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Pointwise & uniform boundednes

  1. Jan 26, 2012 #1
    In Baby Rudin, Theorem 7.25 states:
    If [itex]K[/itex] is compact, [itex]f_n \in C(K)[/itex] for [itex]n=1,2,3,...[/itex] and if [itex]{f_n}[/itex] is pointwise bounded and equicontinuous on [itex]K[/itex], then
    (a) [itex]{f_n}[/itex] is uniformly bounded on [itex]K[/itex]

    The theorem continues with point (b), which I understand.

    My question is, whether point (a) needs the equicontinuity, since:
    * [itex]C(K)[/itex] is a set of continuous bounded functions on a compact space, i.e. uniformly continuous, hence there is no function [itex]g[/itex] s.t. [itex]g(x) \to \infty[/itex].
    * if the previous holds, then by the hypothesis of pointwise boundedness of [itex]\{f_n\}[/itex], there must exist a number [itex]\sup_{x \in K, n=1,2,3,...} |f_n(x)| = M<\infty[/itex], [itex]x\in K[/itex] arbitrary and hence the uniform boundedness should hold.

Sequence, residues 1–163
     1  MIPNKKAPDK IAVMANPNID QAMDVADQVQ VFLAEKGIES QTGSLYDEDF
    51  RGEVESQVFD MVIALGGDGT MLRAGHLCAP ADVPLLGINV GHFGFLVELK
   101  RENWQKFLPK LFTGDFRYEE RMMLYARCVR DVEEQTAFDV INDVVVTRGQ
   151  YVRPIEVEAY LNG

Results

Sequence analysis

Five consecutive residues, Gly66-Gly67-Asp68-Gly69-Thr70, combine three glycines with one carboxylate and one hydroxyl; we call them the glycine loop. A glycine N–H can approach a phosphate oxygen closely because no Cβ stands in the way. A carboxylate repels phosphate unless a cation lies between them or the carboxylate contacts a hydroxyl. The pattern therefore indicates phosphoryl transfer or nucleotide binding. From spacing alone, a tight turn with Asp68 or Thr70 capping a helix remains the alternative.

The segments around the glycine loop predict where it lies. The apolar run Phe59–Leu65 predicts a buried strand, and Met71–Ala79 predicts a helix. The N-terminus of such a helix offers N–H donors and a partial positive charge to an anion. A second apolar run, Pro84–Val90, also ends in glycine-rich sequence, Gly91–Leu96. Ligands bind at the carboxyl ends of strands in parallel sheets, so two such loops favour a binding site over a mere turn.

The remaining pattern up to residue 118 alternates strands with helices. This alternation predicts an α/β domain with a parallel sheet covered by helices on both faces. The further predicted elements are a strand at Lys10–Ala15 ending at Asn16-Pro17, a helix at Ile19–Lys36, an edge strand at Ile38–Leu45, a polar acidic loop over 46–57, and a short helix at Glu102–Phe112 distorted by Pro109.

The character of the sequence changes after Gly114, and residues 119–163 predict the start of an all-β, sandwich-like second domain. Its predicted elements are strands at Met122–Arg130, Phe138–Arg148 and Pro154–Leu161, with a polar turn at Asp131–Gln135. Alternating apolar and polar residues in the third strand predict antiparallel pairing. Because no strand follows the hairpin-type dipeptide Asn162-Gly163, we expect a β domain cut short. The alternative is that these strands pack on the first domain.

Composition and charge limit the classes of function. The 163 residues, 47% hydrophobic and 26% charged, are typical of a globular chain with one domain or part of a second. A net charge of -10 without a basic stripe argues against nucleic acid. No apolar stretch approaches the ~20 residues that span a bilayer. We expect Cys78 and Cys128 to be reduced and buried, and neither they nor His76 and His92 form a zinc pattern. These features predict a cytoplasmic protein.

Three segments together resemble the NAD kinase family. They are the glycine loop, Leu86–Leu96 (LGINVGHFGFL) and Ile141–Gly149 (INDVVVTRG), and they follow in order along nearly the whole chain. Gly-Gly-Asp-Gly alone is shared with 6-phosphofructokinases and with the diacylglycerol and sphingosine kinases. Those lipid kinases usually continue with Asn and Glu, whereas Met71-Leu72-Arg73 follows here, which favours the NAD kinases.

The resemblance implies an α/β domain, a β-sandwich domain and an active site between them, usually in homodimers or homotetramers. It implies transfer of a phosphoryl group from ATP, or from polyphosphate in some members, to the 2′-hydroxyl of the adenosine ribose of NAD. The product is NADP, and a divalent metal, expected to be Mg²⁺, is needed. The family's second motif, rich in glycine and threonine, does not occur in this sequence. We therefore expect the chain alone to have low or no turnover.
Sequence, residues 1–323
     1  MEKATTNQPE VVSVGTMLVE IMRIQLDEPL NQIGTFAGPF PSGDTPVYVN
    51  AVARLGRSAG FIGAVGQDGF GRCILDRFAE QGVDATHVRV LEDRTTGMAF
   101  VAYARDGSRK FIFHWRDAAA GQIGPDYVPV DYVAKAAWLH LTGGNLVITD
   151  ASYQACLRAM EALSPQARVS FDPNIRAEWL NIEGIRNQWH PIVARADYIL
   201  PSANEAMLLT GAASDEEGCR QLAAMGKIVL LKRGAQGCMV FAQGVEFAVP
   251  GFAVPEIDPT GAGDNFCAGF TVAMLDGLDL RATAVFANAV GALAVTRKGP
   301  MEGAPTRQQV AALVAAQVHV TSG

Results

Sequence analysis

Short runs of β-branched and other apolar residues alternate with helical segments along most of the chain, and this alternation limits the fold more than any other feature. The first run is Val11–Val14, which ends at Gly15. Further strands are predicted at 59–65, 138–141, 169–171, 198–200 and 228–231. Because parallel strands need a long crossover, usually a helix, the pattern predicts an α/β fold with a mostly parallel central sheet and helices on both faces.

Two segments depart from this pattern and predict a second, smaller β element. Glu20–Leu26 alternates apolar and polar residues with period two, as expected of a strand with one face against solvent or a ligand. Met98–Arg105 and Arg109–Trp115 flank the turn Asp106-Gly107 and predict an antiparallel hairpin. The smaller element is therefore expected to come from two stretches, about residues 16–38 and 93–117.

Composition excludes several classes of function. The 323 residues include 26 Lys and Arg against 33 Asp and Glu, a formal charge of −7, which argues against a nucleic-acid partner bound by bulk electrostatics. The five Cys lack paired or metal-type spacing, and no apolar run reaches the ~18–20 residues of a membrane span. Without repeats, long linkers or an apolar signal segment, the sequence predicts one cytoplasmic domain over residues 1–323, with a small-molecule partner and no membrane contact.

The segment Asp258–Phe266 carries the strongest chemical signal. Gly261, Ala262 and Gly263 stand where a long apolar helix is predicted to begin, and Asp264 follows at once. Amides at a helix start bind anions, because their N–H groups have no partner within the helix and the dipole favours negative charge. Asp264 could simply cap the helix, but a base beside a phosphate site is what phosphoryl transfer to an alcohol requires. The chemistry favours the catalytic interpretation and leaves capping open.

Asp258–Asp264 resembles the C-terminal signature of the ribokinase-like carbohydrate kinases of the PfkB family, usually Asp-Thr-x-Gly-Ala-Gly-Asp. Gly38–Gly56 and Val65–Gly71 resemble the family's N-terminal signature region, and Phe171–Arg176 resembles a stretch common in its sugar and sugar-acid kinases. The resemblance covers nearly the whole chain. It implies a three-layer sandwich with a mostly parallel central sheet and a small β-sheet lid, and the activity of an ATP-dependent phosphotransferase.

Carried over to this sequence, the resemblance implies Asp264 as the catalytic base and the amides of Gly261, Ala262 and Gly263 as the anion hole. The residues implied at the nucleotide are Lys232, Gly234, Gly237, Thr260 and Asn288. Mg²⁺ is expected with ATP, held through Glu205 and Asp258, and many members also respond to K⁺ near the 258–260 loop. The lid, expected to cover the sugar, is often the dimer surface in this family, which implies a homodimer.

Am I wrong?
     
    Last edited: Jan 27, 2012
  2. jcsd
  3. Jan 26, 2012 #2

    micromass

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    The sequence

    [itex]f_n:[0,1]\rightarrow \mathbb{R}:x\rightarrow \frac{nx}{x^2+(1-nx)^2}[/itex]

    seems to be a counterexample to your claim. See example 7.21 of Rudin, I modified it a bit.
     
  4. Jan 27, 2012 #3
    Thanks a lot! I assume, that the reason is that [itex]f_n[/itex] converges pointwise for every [itex]x\in K[/itex], but due to the points [itex]1/n[/itex] in your example, it is impossible to find a global finite [itex]M[/itex] s.t. [itex]|f_n(x)| \leq M[/itex] for all [itex]x \in K[/itex]. Right?

    I really do not understand why usually things go quite well, but at some moments I get stuck with (obvious?) things :(
     
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